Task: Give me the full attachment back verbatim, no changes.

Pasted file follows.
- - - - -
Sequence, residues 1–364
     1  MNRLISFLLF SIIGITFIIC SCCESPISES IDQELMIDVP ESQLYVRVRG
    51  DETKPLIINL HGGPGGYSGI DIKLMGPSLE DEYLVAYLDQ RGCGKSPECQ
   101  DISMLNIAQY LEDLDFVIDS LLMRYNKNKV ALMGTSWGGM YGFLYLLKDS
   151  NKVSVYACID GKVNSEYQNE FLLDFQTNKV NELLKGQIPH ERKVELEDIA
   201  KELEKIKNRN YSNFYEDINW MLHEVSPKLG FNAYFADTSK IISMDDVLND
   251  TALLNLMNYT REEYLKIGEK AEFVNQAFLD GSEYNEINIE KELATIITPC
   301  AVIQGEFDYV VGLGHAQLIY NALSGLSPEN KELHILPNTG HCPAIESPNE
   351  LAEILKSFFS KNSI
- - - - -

Sequence, residues 1–364
     1  MNRLISFLLF SIIGITFIIC SCCESPISES IDQELMIDVP ESQLYVRVRG
    51  DETKPLIINL HGGPGGYSGI DIKLMGPSLE DEYLVAYLDQ RGCGKSPECQ
   101  DISMLNIAQY LEDLDFVIDS LLMRYNKNKV ALMGTSWGGM YGFLYLLKDS
   151  NKVSVYACID GKVNSEYQNE FLLDFQTNKV NELLKGQIPH ERKVELEDIA
   201  KELEKIKNRN YSNFYEDINW MLHEVSPKLG FNAYFADTSK IISMDDVLND
   251  TALLNLMNYT REEYLKIGEK AEFVNQAFLD GSEYNEINIE KELATIITPC
   301  AVIQGEFDYV VGLGHAQLIY NALSGLSPEN KELHILPNTG HCPAIESPNE
   351  LAEILKSFFS KNSI